About 2 month ago I upgraded my Dell Latitude E6500 laptop with a Corsair Force F120 SSD drive. Everything worked well until about a week or so back. I started the computer and was faced with a beep and a message saying "No boot sector on Internal HDD (IRRT). No bootable devices". Since I figured that the boot sector had somehow got corrupt I tried booting from the Windows 7 dvd in order to repair the boot sector. But the Windows 7 installation program only found a blank drive with 111GB of unallocated space. I panicked and brought the drive with me to work to let a colleague have a look at it. We made a disk image of the entire drive and ran the drive through Testdisk in Linux. Testdisk did not find any partitions. It appears that the drive has been completely erased...

What has happened? What is causing this behavior on an SSD?


Corsair F Series drives have a firmware problem that arises if you change system states. From another forum: "It runs fine as long as you don't try to put the laptop to sleep, wake it up, or change the hardware profile (say, by docking or undocking it)". Allegedly there is a firmware update to 2.0 which may address it along with having the latest BIOS and having AHCI set (vs IDE) in your BIOS. See http://forum.corsair.com/v3/showthread.php?t=90759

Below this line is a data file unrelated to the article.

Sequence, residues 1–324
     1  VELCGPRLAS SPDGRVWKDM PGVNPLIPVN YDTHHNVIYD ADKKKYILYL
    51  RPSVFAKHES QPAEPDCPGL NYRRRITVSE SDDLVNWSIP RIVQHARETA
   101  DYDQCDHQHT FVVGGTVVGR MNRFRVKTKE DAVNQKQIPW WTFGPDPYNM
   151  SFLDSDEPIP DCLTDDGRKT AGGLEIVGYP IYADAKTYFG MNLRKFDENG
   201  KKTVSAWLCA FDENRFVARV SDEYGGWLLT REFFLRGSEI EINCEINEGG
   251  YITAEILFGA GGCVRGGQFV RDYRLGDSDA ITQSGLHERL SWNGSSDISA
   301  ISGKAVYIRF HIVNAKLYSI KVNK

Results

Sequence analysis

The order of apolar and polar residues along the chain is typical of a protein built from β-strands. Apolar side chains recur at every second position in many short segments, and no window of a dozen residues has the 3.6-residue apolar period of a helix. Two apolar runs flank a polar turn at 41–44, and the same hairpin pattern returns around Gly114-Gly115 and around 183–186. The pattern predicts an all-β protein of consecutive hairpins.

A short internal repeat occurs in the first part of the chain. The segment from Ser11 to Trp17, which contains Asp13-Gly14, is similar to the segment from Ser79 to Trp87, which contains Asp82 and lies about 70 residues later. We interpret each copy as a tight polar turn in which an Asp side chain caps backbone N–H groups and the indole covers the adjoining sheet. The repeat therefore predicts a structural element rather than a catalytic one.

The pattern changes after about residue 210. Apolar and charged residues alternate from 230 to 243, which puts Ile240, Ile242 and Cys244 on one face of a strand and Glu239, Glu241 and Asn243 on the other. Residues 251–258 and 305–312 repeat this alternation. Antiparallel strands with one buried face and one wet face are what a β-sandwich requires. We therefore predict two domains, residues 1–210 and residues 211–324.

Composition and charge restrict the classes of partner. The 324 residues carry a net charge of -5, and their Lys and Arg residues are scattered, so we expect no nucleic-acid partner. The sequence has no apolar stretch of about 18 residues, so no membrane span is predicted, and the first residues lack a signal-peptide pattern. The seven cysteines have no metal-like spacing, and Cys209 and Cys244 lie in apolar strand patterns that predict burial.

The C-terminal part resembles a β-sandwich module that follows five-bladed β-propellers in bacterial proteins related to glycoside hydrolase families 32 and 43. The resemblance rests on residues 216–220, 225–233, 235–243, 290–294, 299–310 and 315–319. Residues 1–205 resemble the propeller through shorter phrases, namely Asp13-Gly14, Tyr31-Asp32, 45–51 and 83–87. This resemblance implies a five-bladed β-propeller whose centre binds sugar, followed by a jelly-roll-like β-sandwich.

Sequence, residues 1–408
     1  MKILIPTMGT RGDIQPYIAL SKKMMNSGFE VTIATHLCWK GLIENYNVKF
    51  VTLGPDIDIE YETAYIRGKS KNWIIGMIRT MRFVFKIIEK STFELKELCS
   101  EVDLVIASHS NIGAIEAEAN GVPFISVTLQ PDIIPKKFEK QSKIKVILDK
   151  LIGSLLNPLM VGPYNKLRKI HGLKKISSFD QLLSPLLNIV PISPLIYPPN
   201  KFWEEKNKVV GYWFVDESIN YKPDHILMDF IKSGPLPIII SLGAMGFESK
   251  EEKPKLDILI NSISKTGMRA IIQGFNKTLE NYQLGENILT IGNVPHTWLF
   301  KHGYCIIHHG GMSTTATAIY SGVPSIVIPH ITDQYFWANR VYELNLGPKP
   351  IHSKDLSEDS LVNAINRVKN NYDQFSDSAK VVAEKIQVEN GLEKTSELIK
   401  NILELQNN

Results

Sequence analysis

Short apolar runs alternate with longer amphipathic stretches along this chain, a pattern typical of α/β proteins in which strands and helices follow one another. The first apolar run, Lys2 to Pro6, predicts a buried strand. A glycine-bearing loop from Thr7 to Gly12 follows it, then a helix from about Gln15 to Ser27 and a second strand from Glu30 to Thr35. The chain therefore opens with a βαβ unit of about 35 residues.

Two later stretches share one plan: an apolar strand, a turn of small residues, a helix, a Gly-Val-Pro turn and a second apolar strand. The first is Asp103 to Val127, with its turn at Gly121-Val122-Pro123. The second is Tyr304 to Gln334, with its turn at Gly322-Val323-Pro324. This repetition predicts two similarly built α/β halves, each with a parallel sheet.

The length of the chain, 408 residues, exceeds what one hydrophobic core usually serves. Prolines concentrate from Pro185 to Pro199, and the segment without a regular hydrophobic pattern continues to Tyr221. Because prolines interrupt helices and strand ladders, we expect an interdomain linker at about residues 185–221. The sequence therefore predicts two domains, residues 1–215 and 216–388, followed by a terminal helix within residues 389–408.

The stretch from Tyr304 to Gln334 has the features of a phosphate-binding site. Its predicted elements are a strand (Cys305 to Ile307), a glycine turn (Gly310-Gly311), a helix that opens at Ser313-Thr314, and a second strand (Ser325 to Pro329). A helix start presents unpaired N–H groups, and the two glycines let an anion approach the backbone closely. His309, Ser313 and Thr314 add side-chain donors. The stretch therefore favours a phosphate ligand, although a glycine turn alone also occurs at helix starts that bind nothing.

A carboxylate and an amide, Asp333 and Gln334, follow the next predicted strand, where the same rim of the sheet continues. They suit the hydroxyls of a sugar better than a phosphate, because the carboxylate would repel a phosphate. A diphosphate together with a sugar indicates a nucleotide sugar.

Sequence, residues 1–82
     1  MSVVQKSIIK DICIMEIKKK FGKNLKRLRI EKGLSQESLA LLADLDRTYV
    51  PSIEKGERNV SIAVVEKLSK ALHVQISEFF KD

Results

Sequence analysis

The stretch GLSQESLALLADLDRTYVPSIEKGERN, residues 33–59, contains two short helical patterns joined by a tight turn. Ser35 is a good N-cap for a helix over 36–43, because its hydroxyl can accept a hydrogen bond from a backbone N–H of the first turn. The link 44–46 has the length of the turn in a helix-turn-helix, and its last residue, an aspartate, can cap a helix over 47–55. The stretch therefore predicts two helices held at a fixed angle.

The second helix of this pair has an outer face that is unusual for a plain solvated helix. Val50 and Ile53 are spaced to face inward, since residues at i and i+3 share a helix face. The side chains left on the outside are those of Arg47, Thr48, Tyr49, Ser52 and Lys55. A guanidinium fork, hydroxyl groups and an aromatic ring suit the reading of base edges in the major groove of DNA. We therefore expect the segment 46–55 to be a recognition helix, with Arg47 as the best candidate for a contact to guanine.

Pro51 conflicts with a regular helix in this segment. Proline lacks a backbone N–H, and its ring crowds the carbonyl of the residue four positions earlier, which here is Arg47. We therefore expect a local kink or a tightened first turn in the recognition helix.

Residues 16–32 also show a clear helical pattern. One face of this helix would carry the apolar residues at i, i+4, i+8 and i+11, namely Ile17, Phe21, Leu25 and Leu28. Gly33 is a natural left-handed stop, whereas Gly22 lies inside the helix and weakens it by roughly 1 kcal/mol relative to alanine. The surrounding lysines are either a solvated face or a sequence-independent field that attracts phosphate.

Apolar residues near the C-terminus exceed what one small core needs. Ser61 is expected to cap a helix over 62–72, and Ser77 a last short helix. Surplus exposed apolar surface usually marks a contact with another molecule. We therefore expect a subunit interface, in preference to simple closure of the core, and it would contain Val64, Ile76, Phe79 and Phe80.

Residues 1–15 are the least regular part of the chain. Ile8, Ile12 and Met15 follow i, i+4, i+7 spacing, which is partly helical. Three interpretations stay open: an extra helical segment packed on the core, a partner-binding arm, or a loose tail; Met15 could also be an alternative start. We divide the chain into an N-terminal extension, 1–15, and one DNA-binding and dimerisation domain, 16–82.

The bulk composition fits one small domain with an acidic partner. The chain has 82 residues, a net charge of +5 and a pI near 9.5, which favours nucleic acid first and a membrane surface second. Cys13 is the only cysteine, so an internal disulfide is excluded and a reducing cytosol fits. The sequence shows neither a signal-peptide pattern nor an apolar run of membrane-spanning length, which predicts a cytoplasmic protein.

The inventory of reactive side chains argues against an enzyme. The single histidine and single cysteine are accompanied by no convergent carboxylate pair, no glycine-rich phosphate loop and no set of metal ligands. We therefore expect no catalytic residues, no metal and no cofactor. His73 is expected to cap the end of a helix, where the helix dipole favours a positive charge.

Call the vendor for support and/or RMA, and stand by for a restore from backup. (You do have a backup, right?)

  • I pretty much suck at backup so the latest backup is from mid september... – user59180 Nov 4 '10 at 13:17

Sounds like something that happened to me:

A systemcrash rendered the partition on the harddrive useless. I rebooted and startet up Knoppix to investigate further. I wasn't able to find partitions.

What had happened was that (after being unable to find something he thought was useful) a trim command got issued and the "useless" data got purged.

Problem with SSD is that SSD self is the problem. Many SSD failures are in fact unrecoverable - because if the remapping tables get trashed - the media data is effectively randomized - and mixed up with blocks which were marked as corrupted and unusable even before the SSD failed.

Hope you have a backup.

  • I have a backup but unfortunately it is not as recent as I'd wish. Should I return the drive to the store or can I reformat it and use it again or will the failure come back? – user59180 Nov 4 '10 at 14:56
  • As far as I can see you should be good to go with the old drive. You might want to use SSD-Life to verify this. You might also look at the Table found on this page if there is a wiping tool available. – pacey Nov 4 '10 at 15:12

This type of thing happens when the controller screws up somehow. The flash memory itself is fine, most likely, as well as the data on it but you can't get to it without a functional controller. Usually the only way to restore controller functionality is to re-flash the drive's firmware, which incidentally wipes out all your data. This is why I tell everyone who uses an SSD to be extra sure you do backups.

SSD manufacturers need to come up with a way to re-flash a controller without causing it to wipe the drive clean.

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